Tuesday, September 10, 2013

Could the right to vote in a certain jurisdiction be converted to voting stock?

It is pretty obvious we've got to stop running our various governments the way we do now. People vote, politicians spend a ridiculous amount of money and put us into debt. Our mayor keeps spending our money on legal bills because he doesn't want to let the rich white people have a dog park. The dog park is already funded because rich white people know how to get stuff done, but the mayor keeps trying to stop it from happening, and he uses city money to try and stop it. I think, in some ways, the rich white people deserve it, because at least some of them voted for this mayor.

Anyway, I was imagining what would happen if you just took everybody eligible to vote and issue stock. Presumably the stock would have some value. People would sell their stock. Some folks would buy. This is where it gets a little sticky- I want property owners, the people who get stuck with the bills, to make the decisions for the most part. Things might go haywire if pension funds or Bank of America decide to buy up the stock. Maybe not, since the corporations would have incentive to keep the value of the stock high, but maybe so, because they are divorced from the physical property in the city. They could decide to turn the place into a strip mine.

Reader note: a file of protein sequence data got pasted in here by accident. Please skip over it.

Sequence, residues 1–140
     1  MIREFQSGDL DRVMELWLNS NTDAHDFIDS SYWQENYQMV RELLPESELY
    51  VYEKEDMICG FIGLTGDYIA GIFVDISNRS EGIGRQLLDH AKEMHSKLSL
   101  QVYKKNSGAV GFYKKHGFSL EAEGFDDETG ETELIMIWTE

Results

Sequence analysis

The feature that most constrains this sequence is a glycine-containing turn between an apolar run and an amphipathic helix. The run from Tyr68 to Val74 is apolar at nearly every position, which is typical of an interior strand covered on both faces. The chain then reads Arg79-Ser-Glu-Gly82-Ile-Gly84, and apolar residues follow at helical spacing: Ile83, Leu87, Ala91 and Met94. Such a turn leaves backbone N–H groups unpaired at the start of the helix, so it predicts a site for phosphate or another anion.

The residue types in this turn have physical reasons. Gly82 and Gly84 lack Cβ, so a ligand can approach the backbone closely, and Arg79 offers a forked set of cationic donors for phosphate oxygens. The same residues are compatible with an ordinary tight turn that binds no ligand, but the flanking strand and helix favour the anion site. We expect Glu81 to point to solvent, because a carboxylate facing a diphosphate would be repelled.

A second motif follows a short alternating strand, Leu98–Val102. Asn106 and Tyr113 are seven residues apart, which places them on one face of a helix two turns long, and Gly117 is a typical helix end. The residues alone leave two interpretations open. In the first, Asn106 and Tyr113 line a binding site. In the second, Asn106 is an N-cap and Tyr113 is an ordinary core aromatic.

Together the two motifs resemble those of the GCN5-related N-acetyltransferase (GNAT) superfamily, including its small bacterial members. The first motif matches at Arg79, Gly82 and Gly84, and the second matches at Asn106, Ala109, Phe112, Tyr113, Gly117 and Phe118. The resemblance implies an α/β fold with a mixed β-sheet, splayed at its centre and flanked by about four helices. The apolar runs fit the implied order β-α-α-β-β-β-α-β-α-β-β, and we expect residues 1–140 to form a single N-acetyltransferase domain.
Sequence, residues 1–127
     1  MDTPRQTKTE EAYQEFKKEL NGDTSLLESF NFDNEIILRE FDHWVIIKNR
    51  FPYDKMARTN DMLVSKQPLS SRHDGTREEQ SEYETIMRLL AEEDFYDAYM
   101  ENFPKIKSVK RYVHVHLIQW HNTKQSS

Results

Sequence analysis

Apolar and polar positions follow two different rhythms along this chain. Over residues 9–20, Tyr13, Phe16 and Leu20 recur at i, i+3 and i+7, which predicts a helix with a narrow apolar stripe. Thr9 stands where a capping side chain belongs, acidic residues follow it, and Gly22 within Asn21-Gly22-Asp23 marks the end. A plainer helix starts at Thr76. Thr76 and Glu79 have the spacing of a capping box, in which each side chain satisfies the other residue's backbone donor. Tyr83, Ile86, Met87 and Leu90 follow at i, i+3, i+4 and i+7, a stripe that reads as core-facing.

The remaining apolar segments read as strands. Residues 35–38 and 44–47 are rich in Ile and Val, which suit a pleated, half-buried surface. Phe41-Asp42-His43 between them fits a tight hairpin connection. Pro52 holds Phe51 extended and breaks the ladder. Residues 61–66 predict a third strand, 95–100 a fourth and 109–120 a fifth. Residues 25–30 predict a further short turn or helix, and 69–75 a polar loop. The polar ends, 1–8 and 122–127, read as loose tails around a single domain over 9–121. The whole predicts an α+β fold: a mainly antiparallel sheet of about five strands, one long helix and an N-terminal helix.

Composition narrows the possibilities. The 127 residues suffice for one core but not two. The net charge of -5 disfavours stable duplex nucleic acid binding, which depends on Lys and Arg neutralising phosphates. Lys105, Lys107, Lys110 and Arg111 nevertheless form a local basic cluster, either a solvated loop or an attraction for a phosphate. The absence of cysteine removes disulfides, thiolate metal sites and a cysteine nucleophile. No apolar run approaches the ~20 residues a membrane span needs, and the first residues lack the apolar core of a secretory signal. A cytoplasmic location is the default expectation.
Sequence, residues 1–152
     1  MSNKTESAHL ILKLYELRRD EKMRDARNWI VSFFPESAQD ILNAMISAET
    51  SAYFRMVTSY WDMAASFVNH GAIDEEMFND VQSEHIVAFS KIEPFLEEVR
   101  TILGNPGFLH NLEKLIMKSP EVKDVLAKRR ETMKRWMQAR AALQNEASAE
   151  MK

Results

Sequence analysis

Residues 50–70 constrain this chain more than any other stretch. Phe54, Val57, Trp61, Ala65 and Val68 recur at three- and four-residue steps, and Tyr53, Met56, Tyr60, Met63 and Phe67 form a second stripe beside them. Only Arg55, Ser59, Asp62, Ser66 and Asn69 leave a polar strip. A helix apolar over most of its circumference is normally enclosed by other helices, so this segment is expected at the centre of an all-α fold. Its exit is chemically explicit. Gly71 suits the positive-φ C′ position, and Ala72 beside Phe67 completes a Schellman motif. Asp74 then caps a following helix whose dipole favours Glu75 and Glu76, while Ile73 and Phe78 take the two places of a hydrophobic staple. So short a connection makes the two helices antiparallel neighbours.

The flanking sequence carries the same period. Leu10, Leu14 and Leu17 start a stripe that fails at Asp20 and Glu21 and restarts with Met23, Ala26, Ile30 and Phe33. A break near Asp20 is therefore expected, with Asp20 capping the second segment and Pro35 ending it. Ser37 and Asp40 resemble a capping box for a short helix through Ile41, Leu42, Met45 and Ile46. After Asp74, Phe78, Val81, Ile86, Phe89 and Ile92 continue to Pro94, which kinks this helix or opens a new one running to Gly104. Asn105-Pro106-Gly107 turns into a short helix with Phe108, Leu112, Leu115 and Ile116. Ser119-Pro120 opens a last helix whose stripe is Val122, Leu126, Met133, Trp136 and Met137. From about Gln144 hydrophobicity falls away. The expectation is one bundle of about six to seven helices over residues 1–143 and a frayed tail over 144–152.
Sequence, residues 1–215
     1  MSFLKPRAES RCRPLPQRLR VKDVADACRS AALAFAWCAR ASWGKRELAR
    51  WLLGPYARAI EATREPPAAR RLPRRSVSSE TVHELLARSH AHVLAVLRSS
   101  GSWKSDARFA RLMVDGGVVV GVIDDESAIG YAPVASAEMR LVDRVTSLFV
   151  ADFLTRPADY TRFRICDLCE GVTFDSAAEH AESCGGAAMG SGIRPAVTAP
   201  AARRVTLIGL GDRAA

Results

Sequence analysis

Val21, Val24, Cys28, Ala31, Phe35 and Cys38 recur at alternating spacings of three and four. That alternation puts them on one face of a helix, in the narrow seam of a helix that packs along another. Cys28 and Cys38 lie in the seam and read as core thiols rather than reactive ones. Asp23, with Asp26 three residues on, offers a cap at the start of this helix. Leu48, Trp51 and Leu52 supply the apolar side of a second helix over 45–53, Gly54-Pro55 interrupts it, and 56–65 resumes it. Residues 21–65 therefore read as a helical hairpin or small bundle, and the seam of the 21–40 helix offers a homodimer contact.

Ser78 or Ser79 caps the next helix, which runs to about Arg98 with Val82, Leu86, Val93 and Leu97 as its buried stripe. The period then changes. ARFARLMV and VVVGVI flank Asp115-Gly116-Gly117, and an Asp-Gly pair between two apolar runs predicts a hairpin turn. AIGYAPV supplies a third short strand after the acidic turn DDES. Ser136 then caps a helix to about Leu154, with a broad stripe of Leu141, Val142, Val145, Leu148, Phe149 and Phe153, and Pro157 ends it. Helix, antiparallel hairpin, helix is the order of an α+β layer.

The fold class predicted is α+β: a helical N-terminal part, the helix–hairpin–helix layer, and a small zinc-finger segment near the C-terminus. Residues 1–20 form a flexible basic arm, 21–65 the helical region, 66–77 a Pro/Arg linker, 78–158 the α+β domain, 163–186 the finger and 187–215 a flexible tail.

Let's presume some sort of habitation/landownership is necessary to vote. Obviously, this isn't true initially. Initially the whole point of switching from universal suffrage to stock is so that people who don't have much sense will sell their stock to people who have more sense, and hopefully, are also more invested in the area. What we want to do is create the conditions in which people are encouraged to invest heavily in their property, and by extension, the city. Considering the volatility and inevitable crash we are facing, it shouldn't be too hard to create these conditions, assuming the larger governments allowed it.

Well, I suppose it is an unlikely event, in any case, since if conditions are ripe enough for such a radical departure from current governance we could likely simply ignore universal suffrage and run the local government as a service for local property owners. Then we'd be back to the old idea of linking title to the property with stock in the city corporation.

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